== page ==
MANILA (PHILIPPINE DAILY INQUIRER/ASIA NEWS NETWORK) - The recent increase in coronavirus infections in the Philippines is resulting in more children being admitted to the Philippine General Hospital (PGH), which is treating six paediatric patients for Covid-19, three of them in critical condition, according to its spokesman Jonas del Rosario.
Speaking at a briefing on Saturday (Aug 7), Mr del Rosario said that of the three critical cases, two had comorbidities. The third had none but developed multisystemic inflammatory syndrome in childhood (MIS-C), a complication of Covid-19 infection characterised by the swelling of some of the body's organs.
Two of the six children had moderate symptoms and another was a mild case on the road to recovery, Mr del Rosario said.
He said the children were aged 7 days old to 15 years.
The Philippine Genome Centre will determine what variant of Sars-CoV-2, the virus that causes Covid-19, had afflicted the children, Mr del Rosario said.
MIS-C is a rare inflammatory condition among children with Covid-19, appearing among individuals 19 years old and below who experience fever for more than three days, according to the World Health Organisation.
Problems may occur in different parts of the body, including the heart, lungs, kidneys, brain, skin, eyes and gastrointestinal organs.
Children with MIS-C experience fever and other symptoms, such as abdominal pain, bloodshot eyes, chest tightness or pain, diarrhoea, fatigue, headache, low blood pressure, neck pain, rash and vomiting.
Doubled in two weeks
According to Mr del Rosario, the comorbidities of the young patients, such as epilepsy and heart and kidney ailments, make their treatment complicated.
"Sometimes, it is harder to care for them when they get Covid-19. Usually, children who have Covid-19 get pneumonia, and sometimes they have to be given ventilatory support, they are intubated to help their breathing," he said at the briefing.
In an earlier interview with ABS-CBN's Teleradyo, Mr del Rosario said there had been an increase in the admissions to PGH's eight-bed paediatric Covid-19 ward.
The hospital's intensive care unit (ICU) for children with Covid-19 usually admits three or four patients, but the number has doubled over the past two weeks with "more complicated cases", he said.
What is different now is that the young patients are sicker, Mr del Rosario said.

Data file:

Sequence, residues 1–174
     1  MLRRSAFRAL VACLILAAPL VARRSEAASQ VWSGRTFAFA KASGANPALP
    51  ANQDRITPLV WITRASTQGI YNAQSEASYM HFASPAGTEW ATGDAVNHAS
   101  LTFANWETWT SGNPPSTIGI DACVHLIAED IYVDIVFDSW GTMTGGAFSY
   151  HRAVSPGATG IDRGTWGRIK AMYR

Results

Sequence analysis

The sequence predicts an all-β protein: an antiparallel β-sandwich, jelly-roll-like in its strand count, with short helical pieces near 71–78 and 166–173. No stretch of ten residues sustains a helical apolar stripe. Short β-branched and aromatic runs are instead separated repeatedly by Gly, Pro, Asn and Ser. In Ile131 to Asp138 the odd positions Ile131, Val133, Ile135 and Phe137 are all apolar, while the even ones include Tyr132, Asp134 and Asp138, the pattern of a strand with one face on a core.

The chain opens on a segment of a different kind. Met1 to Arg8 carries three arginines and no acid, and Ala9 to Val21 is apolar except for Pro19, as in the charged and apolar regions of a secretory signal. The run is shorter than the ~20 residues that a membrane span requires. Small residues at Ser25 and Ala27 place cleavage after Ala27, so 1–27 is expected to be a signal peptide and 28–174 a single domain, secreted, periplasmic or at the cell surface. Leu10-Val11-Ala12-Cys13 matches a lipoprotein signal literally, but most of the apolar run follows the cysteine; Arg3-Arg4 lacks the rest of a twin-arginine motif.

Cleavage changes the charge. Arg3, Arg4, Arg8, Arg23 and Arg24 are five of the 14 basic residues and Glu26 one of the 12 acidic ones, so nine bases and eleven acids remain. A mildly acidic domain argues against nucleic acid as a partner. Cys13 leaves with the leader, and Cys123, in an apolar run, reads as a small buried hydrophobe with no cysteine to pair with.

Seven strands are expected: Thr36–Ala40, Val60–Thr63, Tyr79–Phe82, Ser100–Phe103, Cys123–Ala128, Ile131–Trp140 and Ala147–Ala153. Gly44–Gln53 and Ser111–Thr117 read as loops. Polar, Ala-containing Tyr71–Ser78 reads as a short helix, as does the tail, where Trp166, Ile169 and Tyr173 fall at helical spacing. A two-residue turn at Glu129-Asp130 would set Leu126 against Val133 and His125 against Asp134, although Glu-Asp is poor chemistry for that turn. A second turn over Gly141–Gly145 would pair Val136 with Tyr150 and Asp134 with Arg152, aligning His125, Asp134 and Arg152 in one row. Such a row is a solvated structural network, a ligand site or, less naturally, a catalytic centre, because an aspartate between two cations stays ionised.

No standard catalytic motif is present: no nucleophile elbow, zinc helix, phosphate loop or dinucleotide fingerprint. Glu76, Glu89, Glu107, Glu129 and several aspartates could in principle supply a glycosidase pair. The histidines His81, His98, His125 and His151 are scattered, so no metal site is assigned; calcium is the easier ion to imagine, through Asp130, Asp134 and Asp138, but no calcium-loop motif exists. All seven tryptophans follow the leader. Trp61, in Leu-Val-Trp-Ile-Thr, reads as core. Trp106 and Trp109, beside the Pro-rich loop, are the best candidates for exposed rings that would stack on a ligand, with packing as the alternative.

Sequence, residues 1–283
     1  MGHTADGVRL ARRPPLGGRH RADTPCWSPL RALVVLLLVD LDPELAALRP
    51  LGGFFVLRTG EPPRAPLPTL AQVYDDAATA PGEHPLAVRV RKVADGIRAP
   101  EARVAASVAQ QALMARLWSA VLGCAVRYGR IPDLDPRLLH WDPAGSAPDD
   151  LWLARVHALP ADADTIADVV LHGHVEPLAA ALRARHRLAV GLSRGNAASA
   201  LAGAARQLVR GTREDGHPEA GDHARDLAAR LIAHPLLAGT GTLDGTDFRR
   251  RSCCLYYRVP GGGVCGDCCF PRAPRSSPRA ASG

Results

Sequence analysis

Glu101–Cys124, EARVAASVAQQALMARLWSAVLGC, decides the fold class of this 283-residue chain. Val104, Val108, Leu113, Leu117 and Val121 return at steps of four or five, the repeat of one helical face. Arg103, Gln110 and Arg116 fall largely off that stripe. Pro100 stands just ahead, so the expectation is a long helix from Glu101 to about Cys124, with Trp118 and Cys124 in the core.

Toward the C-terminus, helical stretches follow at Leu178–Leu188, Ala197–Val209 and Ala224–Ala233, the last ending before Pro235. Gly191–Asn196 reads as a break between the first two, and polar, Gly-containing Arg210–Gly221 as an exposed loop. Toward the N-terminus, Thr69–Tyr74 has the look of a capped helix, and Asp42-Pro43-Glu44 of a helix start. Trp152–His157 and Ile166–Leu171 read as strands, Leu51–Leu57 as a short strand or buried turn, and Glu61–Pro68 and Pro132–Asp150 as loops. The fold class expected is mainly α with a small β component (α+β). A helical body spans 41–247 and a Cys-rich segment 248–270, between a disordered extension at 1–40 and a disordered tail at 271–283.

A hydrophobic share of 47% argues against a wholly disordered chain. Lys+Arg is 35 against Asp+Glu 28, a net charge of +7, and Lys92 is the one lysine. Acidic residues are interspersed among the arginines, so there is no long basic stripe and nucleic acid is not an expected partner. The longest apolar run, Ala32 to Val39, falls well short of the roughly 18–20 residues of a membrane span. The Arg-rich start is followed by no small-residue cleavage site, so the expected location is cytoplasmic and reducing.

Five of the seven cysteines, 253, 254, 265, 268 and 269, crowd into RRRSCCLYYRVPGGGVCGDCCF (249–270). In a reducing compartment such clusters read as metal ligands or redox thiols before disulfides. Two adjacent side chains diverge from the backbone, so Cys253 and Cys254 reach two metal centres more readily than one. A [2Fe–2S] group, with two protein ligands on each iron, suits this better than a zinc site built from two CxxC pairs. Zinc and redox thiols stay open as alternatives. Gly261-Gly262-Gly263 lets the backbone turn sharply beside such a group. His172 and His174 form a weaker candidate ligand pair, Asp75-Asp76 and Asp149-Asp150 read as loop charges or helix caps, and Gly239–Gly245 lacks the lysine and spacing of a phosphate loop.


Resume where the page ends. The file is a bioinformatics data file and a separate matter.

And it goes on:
"We also noticed that their cases were a bit more complicated. Some of them also had underlying diseases that were complex," he said.
With the presence of the very transmissible and contagious Delta variant and the high viral load that people infected with it carry, "it is not surprising to note" that even children could get a severe form of Covid-19, Mr del Rosario said.
The adults caring for them should continue to take precautions against infection and get vaccinated as they are the ones likely to infect children, he said.
In case of a new surge
Mr del Rosario said that with the rising number of Covid-19 cases, PGH had increased the number of its ICU beds for critical patients from 20 to 40 for adults and to eight for children in makeshift ICU wards.
"And even with that, it's hard to accommodate new admissions or other patients who want to transfer to PGH, since we are the referral centre," he said.
There were 169 Covid-19 patients who had been admitted to PGH as at Friday night, Mr del Rosario said.
"This is the highest number for the last two months. It represents 75 percent occupancy of 225 beds dedicated to Covid-19 patients in the hospital," he said.
In case of another surge, they may be forced to close non-Covid-19 wards or reduce their bed capacity so that there will be more nurses and doctors to handle Covid-19 patients.
Mr del Rosario said 86 per cent of patients admitted to PGH were unvaccinated, according to a survey by the hospital last Tuesday.
Another 11 percent had only received the first of two doses, and only the remaining 3 per cent were fully vaccinated.
He said 3,546, or 80 per cent of the 4,413 healthcare workers of PGH, had been vaccinated but at least 92 still got infected - 26 in May, 28 in June, and 38 last month.
"What is good news is that none of our fully vaccinated healthcare workers became severely or critically ill. Almost all of them were mild or asymptomatic. A few were moderate, but all of them recovered," he reported.
This supports the assertions of health experts that Covid-19 vaccines help prevent severe infection and death.
The Department of Health has repeatedly said that all vaccines used in the Philippines offer this kind of protection.
The country has been using shots produced by Sinovac, AstraZeneca, Pfizer, Moderna, Gamaleya (Sputnik V), and Johnson & Johnson in its mass immunisation drive.
About 10 million Filipinos have been fully vaccinated against Covid-19 since the government rolled out its mass immunisation drive in March.
It is aiming to vaccinate 50 million to 70 million Filipinos by the end of the year.